Whilst most people considered the CP a good CPU, it had one significant problem; to reduce pin count of its physical DIP packaging, the address bus and data bus shared pins. This meant that communicating with a device required the device to watch for key memory locations being accessed on one machine cycle, and then read the data on the next. All of this complexity was repeated on the CPU side in the corresponding device driver. To address this shortcoming of the , the 8-bit PIC was developed in After the [ edit ] In , General Instrument sold their microelectronics division and the new owners cancelled almost everything which by this time was mostly out-of-date. By , Microchip was shipping over one billion PIC microcontrollers every year.
|Published (Last):||2 July 2018|
|PDF File Size:||18.20 Mb|
|ePub File Size:||17.95 Mb|
|Price:||Free* [*Free Regsitration Required]|
Among other useful features this IC has built in brightness control and scan control capability that allows to limit the number of shown digits. Arduino version available at this link. See MAX datasheet for more detailed information. As you can see from the schematic of this circuit it does not have any inputs. I just wanted to show how to communicate with MAX using a simple function. Current code outputs 10 digits every second to MAX in order to produce a simple counter shown on 7-Segment display.
See attached assembly code for additional information. These modules can be purchased on Ebay in different configuration, you just need to connect a microcontroller. Hopefully you can use this design as a basis for more advanced projects. BCD code is identical to a binary representation up to 9 therefore requiring 4 bits for each digit.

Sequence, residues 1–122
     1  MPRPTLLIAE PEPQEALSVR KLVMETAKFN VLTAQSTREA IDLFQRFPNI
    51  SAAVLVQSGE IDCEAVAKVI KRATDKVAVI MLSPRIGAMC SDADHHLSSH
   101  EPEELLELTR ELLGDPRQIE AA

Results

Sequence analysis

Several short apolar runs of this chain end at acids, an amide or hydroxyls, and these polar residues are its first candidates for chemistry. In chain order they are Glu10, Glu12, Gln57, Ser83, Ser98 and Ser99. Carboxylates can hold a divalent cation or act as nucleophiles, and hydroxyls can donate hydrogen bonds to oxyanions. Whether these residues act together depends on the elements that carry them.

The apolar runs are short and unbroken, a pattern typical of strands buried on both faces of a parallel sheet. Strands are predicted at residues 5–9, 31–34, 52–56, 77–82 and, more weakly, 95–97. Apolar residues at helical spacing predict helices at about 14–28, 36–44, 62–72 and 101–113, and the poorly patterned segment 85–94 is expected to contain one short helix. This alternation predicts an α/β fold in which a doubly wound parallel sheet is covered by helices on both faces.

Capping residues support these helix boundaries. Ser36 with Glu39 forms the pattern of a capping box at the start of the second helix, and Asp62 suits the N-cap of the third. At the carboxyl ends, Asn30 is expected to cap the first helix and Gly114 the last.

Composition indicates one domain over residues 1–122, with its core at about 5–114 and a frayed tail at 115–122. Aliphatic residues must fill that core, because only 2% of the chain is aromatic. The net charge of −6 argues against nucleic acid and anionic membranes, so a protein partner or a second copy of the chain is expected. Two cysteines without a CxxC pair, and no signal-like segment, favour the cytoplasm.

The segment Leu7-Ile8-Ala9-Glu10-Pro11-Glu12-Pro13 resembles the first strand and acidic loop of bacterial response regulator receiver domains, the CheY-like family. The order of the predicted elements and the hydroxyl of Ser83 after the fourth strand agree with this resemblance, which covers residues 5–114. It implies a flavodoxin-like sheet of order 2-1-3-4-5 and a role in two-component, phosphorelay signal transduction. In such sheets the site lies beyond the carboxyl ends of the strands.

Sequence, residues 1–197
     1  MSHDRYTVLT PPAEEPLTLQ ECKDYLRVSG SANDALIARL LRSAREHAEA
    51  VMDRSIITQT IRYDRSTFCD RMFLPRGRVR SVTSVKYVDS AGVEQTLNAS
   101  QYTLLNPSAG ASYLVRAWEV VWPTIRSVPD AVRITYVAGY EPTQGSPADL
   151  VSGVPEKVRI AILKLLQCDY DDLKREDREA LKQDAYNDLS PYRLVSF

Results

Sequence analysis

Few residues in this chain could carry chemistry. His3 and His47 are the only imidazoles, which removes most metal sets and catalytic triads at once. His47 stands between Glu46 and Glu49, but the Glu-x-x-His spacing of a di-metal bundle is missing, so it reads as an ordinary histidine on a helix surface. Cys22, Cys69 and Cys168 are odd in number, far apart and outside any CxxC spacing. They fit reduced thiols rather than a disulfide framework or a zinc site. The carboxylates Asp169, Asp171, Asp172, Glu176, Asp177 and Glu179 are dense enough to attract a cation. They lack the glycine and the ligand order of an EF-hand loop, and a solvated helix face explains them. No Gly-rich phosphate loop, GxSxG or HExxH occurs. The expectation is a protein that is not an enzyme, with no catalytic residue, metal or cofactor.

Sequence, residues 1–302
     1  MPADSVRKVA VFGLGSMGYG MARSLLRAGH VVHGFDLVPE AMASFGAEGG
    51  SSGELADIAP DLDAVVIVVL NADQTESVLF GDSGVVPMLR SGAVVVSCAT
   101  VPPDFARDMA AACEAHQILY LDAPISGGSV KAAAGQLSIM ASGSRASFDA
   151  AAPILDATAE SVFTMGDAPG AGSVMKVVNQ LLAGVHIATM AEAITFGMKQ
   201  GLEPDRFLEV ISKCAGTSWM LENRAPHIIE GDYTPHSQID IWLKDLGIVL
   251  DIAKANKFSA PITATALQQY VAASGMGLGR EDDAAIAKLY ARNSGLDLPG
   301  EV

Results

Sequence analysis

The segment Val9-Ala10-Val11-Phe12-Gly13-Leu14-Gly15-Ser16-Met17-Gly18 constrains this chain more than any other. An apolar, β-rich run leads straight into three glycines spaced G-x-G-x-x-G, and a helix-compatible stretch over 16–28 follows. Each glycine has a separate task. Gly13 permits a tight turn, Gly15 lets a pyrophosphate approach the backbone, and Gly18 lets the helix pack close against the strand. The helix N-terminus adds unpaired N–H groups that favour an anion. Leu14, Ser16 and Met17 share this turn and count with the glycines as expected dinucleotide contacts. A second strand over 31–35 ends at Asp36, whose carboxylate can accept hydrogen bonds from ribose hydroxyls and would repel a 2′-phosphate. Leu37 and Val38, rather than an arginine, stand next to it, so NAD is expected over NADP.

Decoder will ignore higher value inputs. Schematic and source code are available on the next page. If you are going to build this circuit pay attention to how they are connected to controller. PICkit3 programmer was used to download the code but I did not want to overload the schematic with too much information. Source code and a compiled HEX file can be downloaded here. Response Time Meter If you ever thought how fast you can react to external stimulus here is the circuit that can measure your response time.
The average human response time is about ms. The principle of operation is relatively simple. Next the program counts the number of millisecond pulses until the switch is pressed and this is your reaction time.
Here is the schematic. Source code for this design was written for PIC16FA micro controller in assembly language and can be downloaded here. In the following figure you can see a prototype constructed on a standard breadboard. A few words about limitations of this project and possible future improvements. Currently the time it takes to turn the LED ON is not random, so implementing a random number generator routine can be a useful upgrade.
Electronic Lock Here is a modified and improved electronic lock design. For Arduino version click here. In order to open the lock all 4 digits must be entered in correct order. Here you can see a short video showing electronic lock prototype design operation. Source code can be downloaded at the bottom of the page. For simplicity reason only of available bytes are used. To test circuit functionality connect the signal source to AN1 input and Scope to digital to analog converter output.
Press Record push button to record one cycle of the wave. Now you can disconnect the generator. Press Play to output one cycle of the recorded waveform. Signals in the lower KHz range seem to work OK. Next figure shows the schematic of this simple design. Limitations and possible future improvements of current design: A better synchronization routine is needed in order to avoid glitches while reproducing the recorded waveform. The beginning of the next cycle should start exactly were the previous cycle has stopped.
Source code is here.
Descripción del PIC 16F877
16F876 & nRF24L01
Interfacing MAX7219 with PIC16F876 microcontroller